Handling People's Retirement
Transferring Knowledge and Maintaining Motivation
Many people look forward enthusiastically to retirement. It seems like a dream of something fabulous that will happen "someday." Sleeping in, golfing, playing bridge, traveling the world – all at their leisure.
Well, believe it or not, that day is very close for millions of people around the world. The next 10 years will bring one of the largest "knowledge drains" in world history, as a huge percentage of the world's workforces begin to retire. The numbers speak for themselves: in the United States, tens of millions of workers will walk out their companies' doors over the next decade. Other countries – like the UK, France, Spain, and Japan – will see a similar proportion of their workforces retiring.
If you're nearing retirement, how do you start preparing for your last year at work? How will you stay motivated, when all you want to do is plan your life of leisure once you're gone? And if you're managing people approaching retirement, how will you guide them through this period, and make sure your younger generation of workers has the tools they need when it's their time to take over?
We'll cover retirement issues from both of these angles, and show you what to do to prepare.
Part I: Walking Out the Door
If you're counting the days until you can yell, "I'm gone!" then this section is for you.
Looking forward to your new life of relaxation and leisure is normal, but it's important to stay motivated during your final months at work. Wasting time daydreaming, day after day, isn't fair to an organization that may have provided well for you these past few years.
So, how do you stay motivated until it's time to leave?
Become a mentor.
When you stop and think about it, you have years of insider knowledge about your organization, your industry, and your customers. Even the most highly qualified new business school graduates simply can't know the details, the history, and the people that you do. So, one way to stay energized about work is to become a mentor to people in the younger generation, who will move up after you're gone. Why not take the time to pass along your hard-won knowledge? Learn more about mentoring.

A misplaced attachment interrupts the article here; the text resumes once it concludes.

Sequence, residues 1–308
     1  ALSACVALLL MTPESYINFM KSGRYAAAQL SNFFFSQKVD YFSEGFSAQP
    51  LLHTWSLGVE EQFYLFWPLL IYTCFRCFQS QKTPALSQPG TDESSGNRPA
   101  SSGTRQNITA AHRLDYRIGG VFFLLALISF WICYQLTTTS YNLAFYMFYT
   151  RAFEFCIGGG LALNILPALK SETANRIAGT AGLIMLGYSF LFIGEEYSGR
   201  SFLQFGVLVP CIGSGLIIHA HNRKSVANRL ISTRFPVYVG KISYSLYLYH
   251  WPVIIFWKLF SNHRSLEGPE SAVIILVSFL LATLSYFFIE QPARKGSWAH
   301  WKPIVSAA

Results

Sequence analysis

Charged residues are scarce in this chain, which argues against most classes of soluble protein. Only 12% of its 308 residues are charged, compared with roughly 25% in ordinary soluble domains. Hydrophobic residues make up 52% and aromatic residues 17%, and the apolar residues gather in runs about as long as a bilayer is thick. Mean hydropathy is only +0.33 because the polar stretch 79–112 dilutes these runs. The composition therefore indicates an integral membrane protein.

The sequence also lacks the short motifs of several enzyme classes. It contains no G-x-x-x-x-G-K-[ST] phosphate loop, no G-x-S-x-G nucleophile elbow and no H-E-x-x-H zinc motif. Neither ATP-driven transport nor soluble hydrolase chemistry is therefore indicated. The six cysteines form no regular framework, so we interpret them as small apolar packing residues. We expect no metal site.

If you were taking over someone else's job, would you want to walk into a disorganized mess? Probably not. Before you leave, organize all of your files (electronic and hard copy) so that the person replacing you can make an easy transition. And don't be afraid to get rid of the unnecessary stuff. This can also keep you motivated in your day-to-day tasks. See The Art of Filing for more on this.
Prepare an "orientation" booklet.
What do you wish you had known when you first started your job? What are your secrets for getting the work done? What shortcuts have you found along the way? Think about what you've learned over the years, and write it down for the next person. This is not only a nice thing to do, but you'll feel better as well. Documenting your knowledge will help make your replacement's job easier, and it can be fun for you.
Part 2: Managing the Shrinking Workforce
If you're in management, you might be nervous when you look at just how much human capital you'll lose over the next decade. But it doesn't have to be a disaster if you start preparing now. Identify which potential retirees have the knowledge and specialized skills that your company can't live without.
And don't make the mistake of focusing on only your most senior-level executives. For example, the office manager who makes flight reservations, orders office supplies, and hires company vehicles probably knows the best vendors and which negotiating tactics work best for each. These skills are often overlooked, but they may save your company a great deal of money each year. Teaching all of this to a new worker would be very time-consuming and costly.